The “Four P’s” of Writing

Posted on October 15, 2014

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downloadDon’t worry, this is not just faux inspirational babble of the “pull yourself up by your bootstraps” variety. This is a practical guide to beginning, continuing, and hopefully finishing your writing project.

I loosely compiled the “Four P’s” of writing after reflecting on my own writing experiences. Whenever faced with a new project, I usually found myself in one of two situations: I was either flying high with ideas and optimism or feeling hopelessly uninspired. There were even times I felt initially inspired but soon realized that those first sparks faded fast. I discovered that the longer I would wait for inspiration, the more difficult the process became.

This compilation of the “Four P’s” is a guide to help people like us, the chronic procrastinators, to become better writers and ease the tension we feel when faced with writing projects and fast-approaching deadlines.

  1. Put it all down. It’s a “fake it till you make it” kind of approach. In my experiences of writing with little direction, I have written pages of complete drivel before finding one gem of a sentence and finally getting excited about an idea, which sparked a masterpiece. So my first piece of advice to anyone struggling with where to begin is to write anything and everything that comes to mind. Sometimes you can never figure out what you’re going to write about until you start writing.
  2. Persevere. Sometimes, the gems are really hard to find, and it’s easy to think that you’re never going to find one. Persevering can be the hardest part about writing. When you’re stuck, it’s very helpful to have a plan, an outline, or an end goal to refer to, but if you don’t have any of those, defer back to step one. Believe it or not, you can write yourself out of a rut.
  3. Pause for a brief intermission. If you’re really feeling stuck, maybe you need a break. I find it helpful to step back from my work and revisit it later. Sometimes, when you’re intent on fixing a problem or you’re struggling to get a point across, the work gets muddled in your head. At these times, it can be difficult to remember exactly what point you were trying to make or what theme you wanted to follow. If you can let these thoughts out of your head for a while, you can return to the work later and look at it with fresh eyes.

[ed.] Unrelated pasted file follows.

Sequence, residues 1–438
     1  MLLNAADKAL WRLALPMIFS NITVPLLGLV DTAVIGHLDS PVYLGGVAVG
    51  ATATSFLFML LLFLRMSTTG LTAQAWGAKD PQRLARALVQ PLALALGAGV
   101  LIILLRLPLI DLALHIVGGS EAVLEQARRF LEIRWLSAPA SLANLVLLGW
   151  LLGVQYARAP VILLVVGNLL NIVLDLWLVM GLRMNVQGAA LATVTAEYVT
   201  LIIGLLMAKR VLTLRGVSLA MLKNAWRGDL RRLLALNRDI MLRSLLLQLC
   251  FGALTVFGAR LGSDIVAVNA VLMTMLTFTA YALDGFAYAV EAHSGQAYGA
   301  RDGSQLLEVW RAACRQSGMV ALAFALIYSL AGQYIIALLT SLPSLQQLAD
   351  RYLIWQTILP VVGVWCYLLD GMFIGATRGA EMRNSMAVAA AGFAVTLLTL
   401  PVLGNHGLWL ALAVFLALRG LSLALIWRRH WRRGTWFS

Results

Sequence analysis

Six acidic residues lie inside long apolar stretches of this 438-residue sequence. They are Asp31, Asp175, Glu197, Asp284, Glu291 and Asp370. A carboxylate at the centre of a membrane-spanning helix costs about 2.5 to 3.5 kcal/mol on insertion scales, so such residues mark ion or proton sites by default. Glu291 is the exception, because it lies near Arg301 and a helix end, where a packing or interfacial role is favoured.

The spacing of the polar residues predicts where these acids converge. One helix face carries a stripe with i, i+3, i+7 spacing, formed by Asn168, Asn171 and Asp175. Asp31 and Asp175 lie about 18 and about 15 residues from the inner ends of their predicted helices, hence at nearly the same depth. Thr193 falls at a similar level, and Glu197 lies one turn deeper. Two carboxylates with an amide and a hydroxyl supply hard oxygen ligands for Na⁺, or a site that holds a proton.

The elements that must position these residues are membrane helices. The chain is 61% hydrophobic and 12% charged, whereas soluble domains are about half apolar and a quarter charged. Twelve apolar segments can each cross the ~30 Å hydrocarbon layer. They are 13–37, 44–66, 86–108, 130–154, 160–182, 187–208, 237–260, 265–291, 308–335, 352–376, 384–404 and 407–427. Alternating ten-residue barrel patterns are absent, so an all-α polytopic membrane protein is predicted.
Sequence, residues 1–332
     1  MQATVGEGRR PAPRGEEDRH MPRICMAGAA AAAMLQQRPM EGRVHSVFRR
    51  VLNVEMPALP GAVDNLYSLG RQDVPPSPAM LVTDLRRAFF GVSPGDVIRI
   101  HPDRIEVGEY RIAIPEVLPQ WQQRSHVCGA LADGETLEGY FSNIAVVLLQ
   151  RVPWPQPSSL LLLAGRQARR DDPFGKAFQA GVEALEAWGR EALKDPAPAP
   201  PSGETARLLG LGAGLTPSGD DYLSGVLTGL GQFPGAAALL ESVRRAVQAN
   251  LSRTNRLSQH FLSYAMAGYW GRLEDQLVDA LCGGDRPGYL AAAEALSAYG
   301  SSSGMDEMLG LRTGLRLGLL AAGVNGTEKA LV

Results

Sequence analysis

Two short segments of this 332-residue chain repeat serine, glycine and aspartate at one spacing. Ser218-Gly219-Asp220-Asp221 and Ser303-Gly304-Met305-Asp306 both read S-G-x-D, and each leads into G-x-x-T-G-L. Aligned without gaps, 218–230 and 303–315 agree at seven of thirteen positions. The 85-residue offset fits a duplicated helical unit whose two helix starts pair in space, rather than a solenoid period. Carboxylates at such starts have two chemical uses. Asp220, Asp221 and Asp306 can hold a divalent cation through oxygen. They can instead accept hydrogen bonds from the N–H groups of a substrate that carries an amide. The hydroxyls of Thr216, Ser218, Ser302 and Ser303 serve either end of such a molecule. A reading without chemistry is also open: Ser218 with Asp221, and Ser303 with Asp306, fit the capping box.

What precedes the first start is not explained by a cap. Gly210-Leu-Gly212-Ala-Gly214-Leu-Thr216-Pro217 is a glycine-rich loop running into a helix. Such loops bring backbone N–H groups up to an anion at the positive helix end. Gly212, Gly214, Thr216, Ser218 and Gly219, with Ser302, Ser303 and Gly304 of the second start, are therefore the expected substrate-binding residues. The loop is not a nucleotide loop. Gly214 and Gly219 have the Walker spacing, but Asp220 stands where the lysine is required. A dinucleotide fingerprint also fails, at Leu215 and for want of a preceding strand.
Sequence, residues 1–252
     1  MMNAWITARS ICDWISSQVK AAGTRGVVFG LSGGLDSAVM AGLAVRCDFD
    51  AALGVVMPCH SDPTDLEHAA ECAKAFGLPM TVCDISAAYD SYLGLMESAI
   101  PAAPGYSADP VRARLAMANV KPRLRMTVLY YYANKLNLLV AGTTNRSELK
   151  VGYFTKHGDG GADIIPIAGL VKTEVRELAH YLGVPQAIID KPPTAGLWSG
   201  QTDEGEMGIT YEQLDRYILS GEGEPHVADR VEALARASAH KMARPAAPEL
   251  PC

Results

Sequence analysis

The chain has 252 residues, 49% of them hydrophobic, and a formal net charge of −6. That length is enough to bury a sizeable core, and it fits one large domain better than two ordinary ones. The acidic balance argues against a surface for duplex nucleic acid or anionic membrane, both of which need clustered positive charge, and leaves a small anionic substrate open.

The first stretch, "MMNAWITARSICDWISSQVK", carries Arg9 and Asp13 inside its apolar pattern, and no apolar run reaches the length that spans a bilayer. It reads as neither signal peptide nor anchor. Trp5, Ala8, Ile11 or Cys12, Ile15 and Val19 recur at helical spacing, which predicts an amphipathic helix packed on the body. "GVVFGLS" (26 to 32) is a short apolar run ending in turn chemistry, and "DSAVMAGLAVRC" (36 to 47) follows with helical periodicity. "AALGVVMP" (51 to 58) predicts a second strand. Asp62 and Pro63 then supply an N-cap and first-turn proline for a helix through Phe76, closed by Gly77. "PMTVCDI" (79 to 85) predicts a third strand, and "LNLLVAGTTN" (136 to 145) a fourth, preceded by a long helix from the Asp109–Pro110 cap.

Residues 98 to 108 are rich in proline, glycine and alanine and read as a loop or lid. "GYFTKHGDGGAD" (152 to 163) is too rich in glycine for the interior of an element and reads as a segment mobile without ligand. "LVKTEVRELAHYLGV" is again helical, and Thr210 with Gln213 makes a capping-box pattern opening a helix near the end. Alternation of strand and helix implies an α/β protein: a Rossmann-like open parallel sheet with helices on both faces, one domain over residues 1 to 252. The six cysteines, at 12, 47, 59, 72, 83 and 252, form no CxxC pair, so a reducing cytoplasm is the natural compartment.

4. Put it all together. If you have a rough draft, and you’ve revised your work enough to find a general flow of ideas, begin some basic organization. Think about how you want to present your work and which points you want to emphasize over others. The thought of organization might seem boring or daunting, but it makes all the difference in creating a compelling, finished book.

Don’t fear writers’ block anymore! Next time you find yourself in a writing rut, remember the “Four P’s.” After all, there is there is nothing more satisfying than creating a complete work from your own hard-won ideas.

Eithne Amos, Writer and Editor, Asta Publications

http://www.astapublications.com

Asta Publications has a long history of helping writers tell their stories and get published. Since 2004, Asta Publications has helped hundreds of authors bring their book concepts to life and we are ready to help you too! Our dedication to our authors is unmatched. We deliver first-class products and services that are accurate, high quality, and exceed our authors’ expectations.

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Posted in: Publishing